Storytelling—a fundamental way humans connect with one another—unchanged at its core, yet radically transformed in the digital age.

Every day, all around us, our world is reflected in stories. What that reflection looks like is greatly influenced by who is telling the stories. At WGBH, storytelling educates, inspires, entertains and connects people with ideas and with one another, creating a bridge across cultures to the world around us. For 65 years, that mission has remained constant, while the practice of storytelling has changed dramatically.

In today's digital age, we share our stories everywhere and in every format, across platforms and audiences-on television, radio, and online; on screens as large as our digital mural overlooking the Mass Pike, and as small as the phones in our pockets; through apps and podcasts; and in person at our studios in Brighton, in Dorchester, and at the Boston Public Library. Twenty-four hours a day, 365 days a year, we are engaging with our community, sharing the stories that matter most to them.

At a time when, for many people, stories are regarded with distrust and skepticism, and dismissed as fake, WGBH continues to be a force of light, upholding the values of veracity, trust, inclusion, human dignity and respect. These values are behind our commitment to bring you the untold, the compelling, the extraordinary and the authentic.

In education, we are at the vanguard of the transformation of classrooms through digital media, and we're collaborating with partners to reach children most in need and give them the support they deserve to build their own stories of success. In history, drama and science, we are telling the epic stories of people, events and discoveries, in myriad ways to reach and engage with the broadest possible audiences, all of whom take away something different. And through our journalism, we are in the community forging personal and mutual connections, empowering citizens to think, question, wonder and grow in ways that only public media can do.

At WGBH, we are revealing the untold stories, the point of view others have not heard, the angle that nobody has considered, through thoughtful, carefully researched, accurate and verified stories that make an impact in our lives.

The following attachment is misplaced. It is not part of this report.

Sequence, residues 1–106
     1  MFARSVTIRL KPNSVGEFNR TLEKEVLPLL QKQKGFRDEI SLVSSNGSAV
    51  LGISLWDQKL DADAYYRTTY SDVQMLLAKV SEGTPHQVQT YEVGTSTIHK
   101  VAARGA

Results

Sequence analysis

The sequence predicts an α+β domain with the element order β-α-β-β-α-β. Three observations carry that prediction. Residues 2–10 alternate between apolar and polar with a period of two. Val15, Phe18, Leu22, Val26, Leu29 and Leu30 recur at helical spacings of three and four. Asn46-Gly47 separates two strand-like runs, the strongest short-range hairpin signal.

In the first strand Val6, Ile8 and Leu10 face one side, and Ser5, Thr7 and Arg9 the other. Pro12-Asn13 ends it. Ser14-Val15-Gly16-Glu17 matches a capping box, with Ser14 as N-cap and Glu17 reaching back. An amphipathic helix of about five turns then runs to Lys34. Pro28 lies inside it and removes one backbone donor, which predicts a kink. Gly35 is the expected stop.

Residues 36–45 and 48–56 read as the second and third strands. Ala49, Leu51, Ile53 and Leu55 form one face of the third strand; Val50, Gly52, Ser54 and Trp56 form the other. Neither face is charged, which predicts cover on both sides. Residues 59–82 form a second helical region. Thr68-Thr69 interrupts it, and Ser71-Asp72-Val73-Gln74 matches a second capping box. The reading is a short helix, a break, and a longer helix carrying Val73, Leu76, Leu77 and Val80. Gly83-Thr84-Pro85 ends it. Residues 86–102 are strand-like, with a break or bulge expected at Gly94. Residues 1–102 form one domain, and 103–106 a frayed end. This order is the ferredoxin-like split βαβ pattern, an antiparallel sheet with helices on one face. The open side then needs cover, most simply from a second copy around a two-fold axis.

Jonathan C. Abbott
President and CEO

Richard M. Burnes, Jr.

New Avenues to the Past

Since the beginning of time, storytelling has been used to preserve cultures, convey traditions, and pass on knowledge to the next generation. It is a simple art form made more powerful by modern tools that, in the hands of WGBH's master storytellers, adds an unprecedented level of depth and understanding to our shared history.

The Great War foregrounds the untold accounts of many who shaped this epic conflict. African-American soldiers. Indian code-breakers. The women who both enlisted in the war effort and protested it. In sharing their experiences, we illuminate the past with a richer, more inclusive story. Digital platforms allow us to transform the story and go far beyond the brilliant films American Experience is known for. Unpublished diaries, WWI-era propaganda posters, behind-the-scenes interviews, and a social media campaign inviting the audience to share their own stories (#WarLetterWednesday), allow audiences to understand and engage with this profoundly important era in our history. Making these historical materials available to all creates opportunities for people to forge personal connections with history, transforming the way we understand the events of the past.

We have long used television to bring the past to life in compelling and thought-provoking ways. Today we are harnessing the power of digital media to tell stories in ways that expand our perspective, create connections, and allow more voices to be heard.

"If you're going to hook students on history, you've got to tell them a story…and along with the story…they're going to pick up a little history on WWI."
Frank Scherrman, AP History teacher Read the Full Quote ›

Unwavering Commitment to Truth

At a time when the words "news" and "story" are increasingly used to describe fabrication and falsehood as often as authentic, honest reporting, the role of public media has never been more critical. WGBH is an independent voice with an unswerving dedication to accuracy, trusted for finding and sharing the true story.

Across our range of journalism enterprises—WGBH News, Greater Boston, Boston Public Radio, FRONTLINE, PRI's The World and more—WGBH brings comprehensive, transparent, factual news stories to audiences in every possible manner, wherever they are, and however they access information.

Leading the way in fostering civic engagement, WGBH produced and moderated the only live, televised 2017 Boston Mayoral debate, bringing the conversation to the public in person, on television, on the radio, online, across social media and on the WGBH news app-reaching the broadest possible audience, as the candidates debated in real time about issues that matter to our community.